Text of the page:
Arts, News

It’s Art, It’s Unique and Contemporary, and it’s Straight Out of Ireland

Talk about Ireland, and most people envision green, rolling hills, pastures dotted with sheep, thatched cottages, quaint little villages, sprawling beaches and high, craggy cliffs. And make no mistake, Ireland is all of those things and more. Chances are pretty good that you’ve seen paintings, photography, crafts, knitwear, glassware and other works of art that depict all of the above.

Maybe you haven’t seen everything, even if you think you have. The folks at the Irish Immigration Center of Philadelphia believe there are more and unique ways of capturing the essence of Ireland. And they’re presenting a sweeping three-day event called “Straight Out of Ireland” that displays a wide variety of art that captures new and distinctive ways of seeing the Emerald Isle.

The works of more than 25 Irish artists, and a dozen American artists who have been influenced by Ireland will present their works in an Immigration Center benefit from November 15th through the 17th at Sacred Heart Academy (480 South Bryn Mawr Ave, in Bryn Mawr. Many types of art will be showcased, including exquisite paintings, glassware, needlework, sculpture, fabrics, and much more. You’ll also have a chance to meet the artists.

“We really wanted to showcase contemporary Ireland,” explains Emily Norton Ashinhurst, executive director of the Immigration Center, who hopes that “Straight Out of Ireland” will become the Center’s signature fund-raiser. “I think that while we all love the traditional Celtic art we’ve grown up with, I think sometimes we tend to forget that there is a great deal of work being done currently. Ireland has such a rich history, but I don’t want to forget that it has a very rich current art scene. There’s a real mix of media—and that’s one of the cool things. We have some knitwear, we have some textiles, we have jewelers, we have painters, sculptures, photography and ceramics. We have a lace artist. It’s some really cool stuff. And from the local people, we have a furniture maker, somebody who does wooden bowls, and more. It’s just a wonderful showcase of work that is coming out of Ireland and inspired by Ireland.”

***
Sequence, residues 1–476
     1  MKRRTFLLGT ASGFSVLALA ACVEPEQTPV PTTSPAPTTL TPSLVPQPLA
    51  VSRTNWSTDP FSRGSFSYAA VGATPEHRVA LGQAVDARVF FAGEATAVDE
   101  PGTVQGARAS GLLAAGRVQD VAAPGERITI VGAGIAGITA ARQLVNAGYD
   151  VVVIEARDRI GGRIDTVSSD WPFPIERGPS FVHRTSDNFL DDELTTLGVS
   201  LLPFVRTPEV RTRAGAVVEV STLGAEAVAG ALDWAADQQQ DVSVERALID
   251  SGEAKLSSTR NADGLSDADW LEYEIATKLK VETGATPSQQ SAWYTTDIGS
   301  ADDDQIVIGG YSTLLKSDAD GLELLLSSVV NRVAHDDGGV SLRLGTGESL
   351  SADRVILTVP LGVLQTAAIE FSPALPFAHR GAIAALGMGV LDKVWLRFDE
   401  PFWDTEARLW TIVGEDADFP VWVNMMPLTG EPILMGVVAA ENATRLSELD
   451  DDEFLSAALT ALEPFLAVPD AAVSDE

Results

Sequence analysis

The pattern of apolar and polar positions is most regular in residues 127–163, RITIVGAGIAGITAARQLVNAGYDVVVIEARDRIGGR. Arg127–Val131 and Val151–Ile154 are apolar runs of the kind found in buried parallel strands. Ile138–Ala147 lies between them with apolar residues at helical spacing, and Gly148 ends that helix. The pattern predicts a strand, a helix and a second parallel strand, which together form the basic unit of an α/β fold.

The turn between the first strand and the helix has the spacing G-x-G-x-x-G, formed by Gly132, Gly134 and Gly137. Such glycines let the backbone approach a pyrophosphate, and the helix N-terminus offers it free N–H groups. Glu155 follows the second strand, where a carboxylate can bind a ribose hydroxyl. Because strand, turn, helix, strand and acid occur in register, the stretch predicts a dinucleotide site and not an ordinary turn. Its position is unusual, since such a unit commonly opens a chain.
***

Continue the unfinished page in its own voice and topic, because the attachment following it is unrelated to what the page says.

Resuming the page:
It was tough deciding which work to present. The Immigration Center issued an open call for submissions and received more than 70 applications from Ireland. Selection of artists from the United States came a bit later. The overseas selections were made by a committee, which issued invitations. The committee included Yvonne Hanrahan and Karen Gilmartin, with help from Una McDaid. Denise Foley led the effort on the United States side.

The artists from Ireland are coming from everywhere on the island, says Nicola Bell, community programs and communications director for the Immigration Center.

“We have a contingency coming from Donegal, we have people coming from Mayo, and there are people coming from Galway, Clare, Limerick, Sligo, Cork, Dublin, Meath, Wicklow, Derry, and Louth,” Bell says. “The largest contingency is probably from Mayo, which you would expect, given the nature of our demographics here.”

Bell, together with her father, had an art business, which she now continues as a sideline. As someone who has been exposed to art all her life, Bell has a good sense of how the art of Ireland has progressed over the years. “I’ve often had conversations with Emily about art, and contemporary Irish art in particular,” she says. “Ireland is a very diverse and multicultural country now. It’s very much a European country. If you go to Dublin, for example, you’ll see that—there are people from all walks of life. We thought it would be interesting to see how the next generation of artists are reflected because they’re still coming up through the ranks.”